from cnn (november 13, 2000): U.S. officials released documents on Monday acknowledging the CIA had provided covert aid 30 years ago to undermine Chile's government, but analysts say some of the most important documents have not yet been made public.
"The documents that would be revealing ... are still missing and still need to be declassified," Peter Kornbluh, Chile Documentation Project director at the National Security Archive, told CNN. The National Security Archive is a nonprofit organization that has campaigned for release of the documents.
One document, Kornbluh said, indicates that in 1991 the CIA destroyed a file on Manuel Contreras, the former head of Chile's secret police now serving a sentence for the 1976 car bombing in Washington that killed Orlando Letelier, a prominent Chilean opposition leader. Letelier's American assistant Ronni Moffitt also died in the blast.
CIA officials have said the file would not have information useful to U.S. Justice Department investigators, who are trying to determine whether Gen. Augusto Pinochet, who toppled Chile's president and then ruled the country for 17 years, also should be indicted for Letelier's murder.
"One of the key questions raised by this document is why that file was destroyed ... and what was in it that was destroyed," Kornbluh said.
"We cannot have a full record until all the documents are released," Kornbluh said. CIA officials, meanwhile, said only a few documents were not released.
U.S. officials released 16,000 government documents on Monday, including a CIA memorandum indicating $1 million in covert aid had been given to Chilean opposition parties in an effort to undermine then-Chilean President Salvador Allende's socialist government.
The United States previously released 7,000 records regarding its involvement leading up to the September 11, 1973, coup led by Pinochet that toppled Allende.
Many of the documents, however, have been blacked out to protect sensitive information. U.S. President Bill Clinton had ordered in February 1999 that the documents be made public.
"Today, we are closer than we've ever been to the absolute truth of this incident," Tom Blanton, National Security Archive executive director, told CNN.
White House officials said the documents were released to allow the public to determine for itself whether U.S. actions had undermined democracy and human rights in Chile.
"Actions approved by the U.S. government during this period aggravated political polarization and affected Chile's long tradition of democratic elections and respect for the constitutional order and the rule of law," the White House said in a statement.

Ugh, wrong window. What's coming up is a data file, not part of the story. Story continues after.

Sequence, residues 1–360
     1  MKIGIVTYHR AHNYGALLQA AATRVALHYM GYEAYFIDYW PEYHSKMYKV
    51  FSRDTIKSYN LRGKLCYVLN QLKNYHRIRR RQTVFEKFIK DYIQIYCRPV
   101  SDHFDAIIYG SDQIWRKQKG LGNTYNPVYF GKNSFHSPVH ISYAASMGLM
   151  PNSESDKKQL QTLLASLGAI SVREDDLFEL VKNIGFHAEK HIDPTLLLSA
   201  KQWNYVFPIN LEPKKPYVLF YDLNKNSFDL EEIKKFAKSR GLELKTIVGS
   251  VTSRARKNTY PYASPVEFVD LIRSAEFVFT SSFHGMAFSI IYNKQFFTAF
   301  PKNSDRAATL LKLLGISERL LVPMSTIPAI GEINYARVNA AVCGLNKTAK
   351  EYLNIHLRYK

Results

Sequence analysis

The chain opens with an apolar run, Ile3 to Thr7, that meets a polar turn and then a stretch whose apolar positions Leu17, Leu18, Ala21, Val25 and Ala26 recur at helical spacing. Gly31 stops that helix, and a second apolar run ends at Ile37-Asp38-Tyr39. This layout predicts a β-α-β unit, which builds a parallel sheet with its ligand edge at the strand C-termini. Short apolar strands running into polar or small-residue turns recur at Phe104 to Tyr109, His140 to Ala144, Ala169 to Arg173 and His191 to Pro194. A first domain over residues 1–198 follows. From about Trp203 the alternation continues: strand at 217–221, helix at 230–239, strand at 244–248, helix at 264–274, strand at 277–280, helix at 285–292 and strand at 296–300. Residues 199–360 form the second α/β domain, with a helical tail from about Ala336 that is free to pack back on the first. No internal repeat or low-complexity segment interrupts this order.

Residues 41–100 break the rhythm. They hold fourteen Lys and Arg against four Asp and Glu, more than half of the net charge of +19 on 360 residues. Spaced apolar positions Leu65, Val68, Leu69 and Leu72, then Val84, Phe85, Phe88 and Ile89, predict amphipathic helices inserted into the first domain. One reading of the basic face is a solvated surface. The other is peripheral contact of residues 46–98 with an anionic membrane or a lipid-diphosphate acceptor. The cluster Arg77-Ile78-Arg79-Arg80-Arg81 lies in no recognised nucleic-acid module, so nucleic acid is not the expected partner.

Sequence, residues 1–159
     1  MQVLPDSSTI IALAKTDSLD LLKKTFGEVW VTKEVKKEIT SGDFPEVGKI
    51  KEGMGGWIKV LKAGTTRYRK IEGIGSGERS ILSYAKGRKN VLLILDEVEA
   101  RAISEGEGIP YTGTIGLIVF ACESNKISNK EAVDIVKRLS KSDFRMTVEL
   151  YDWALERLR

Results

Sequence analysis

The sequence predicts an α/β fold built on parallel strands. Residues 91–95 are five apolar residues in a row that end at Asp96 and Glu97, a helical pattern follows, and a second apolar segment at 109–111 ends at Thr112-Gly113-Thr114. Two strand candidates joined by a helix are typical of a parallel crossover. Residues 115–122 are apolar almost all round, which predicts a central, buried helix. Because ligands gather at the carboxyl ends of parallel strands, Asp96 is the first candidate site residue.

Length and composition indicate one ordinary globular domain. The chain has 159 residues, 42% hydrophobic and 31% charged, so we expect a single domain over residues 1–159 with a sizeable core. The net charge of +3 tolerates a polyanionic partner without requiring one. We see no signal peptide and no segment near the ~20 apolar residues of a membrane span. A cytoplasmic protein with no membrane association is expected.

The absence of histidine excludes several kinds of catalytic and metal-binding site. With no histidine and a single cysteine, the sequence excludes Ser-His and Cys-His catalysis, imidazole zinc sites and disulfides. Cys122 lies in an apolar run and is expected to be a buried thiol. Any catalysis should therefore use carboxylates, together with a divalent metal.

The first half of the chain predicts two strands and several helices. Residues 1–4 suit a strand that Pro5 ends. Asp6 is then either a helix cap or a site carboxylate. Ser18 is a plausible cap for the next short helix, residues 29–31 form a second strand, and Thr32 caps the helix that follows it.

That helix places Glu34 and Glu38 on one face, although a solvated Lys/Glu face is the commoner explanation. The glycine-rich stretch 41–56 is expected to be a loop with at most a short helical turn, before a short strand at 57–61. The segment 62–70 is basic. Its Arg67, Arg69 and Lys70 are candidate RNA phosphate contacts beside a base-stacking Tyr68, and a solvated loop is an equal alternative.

Among the information contained in the documents released Monday:
• The CIA provided secret funding to Chilean opposition parties in the early 1970s to try to undermine Allende's government.
• The funding had been approved by U.S. officials just three weeks before Allende was toppled by Pinochet.
• The Christian Democratic Party -- now Chile's largest party -- and the Radical Party of the Left had received the money from the CIA. U.S. officials blacked out the names of other recipients.
• The CIA had given Christian Democratic candidates funding as early as 1964.
Senate committee findings
Kornbluh told CNN that the CIA -- which provided $350,000 to help fund the coup -- had not played a direct role in the coup.
CIA officials had previously said the agency had not instigated the coup, but had been aware of military plotting to overthrow Allende.
However, a Senate committee chaired by Sen. Frank Church, D-Idaho, had confirmed that the CIA had participated in covert operations in Chile, and that the agency had attempted to foment a military coup in 1970 after Allende had been elected president.
"It is important to view these events in their proper historical context," CIA spokesman Mark Mansfield said.
"CIA activities were conducted within the framework of what was U.S. policy at the time, and covert actions were undertaken at the direction of the White House and interagency policy coordination committees," Mansfield said.
CIA election operation
Researchers hoped the documents would provide details of a possible U.S. government role in toppling Allende's democratically elected government, and in support of Pinochet.
"It may be of interest that in 1964, CIA conducted a (deleted) election operation in Chile (deleted) which contributed to the election of Eduardo Frei to the presidency," said a memo, written before March 1969 elections.
Allende was Frei's main opponent in that election. Frei died in 1982; His son, also named Eduardo Frei, is Chile's immediate past president.
Last year, Clinton ordered U.S. government departments and agencies to find documents to highlight human rights abuses, terrorism and political violence in Chile before and after the coup.
The order was given after Pinochet was arrested in London pending an extradition request by a Spanish judge, who sought to put the former Chilean leader on trial for rights violations.
Pinochet was released due to poor health nearly 500 days later. He was returned to Chile, where he faces trial for abuses that prosecutors allege he committed during his years in power.
Prosecutors have said 3,000 people either were killed or disappeared under Pinochet's administration.
"With these documents, the history of U.S. intervention in Chile and our support for the Pinochet regime can begin to be rewritten," Kornbluh said.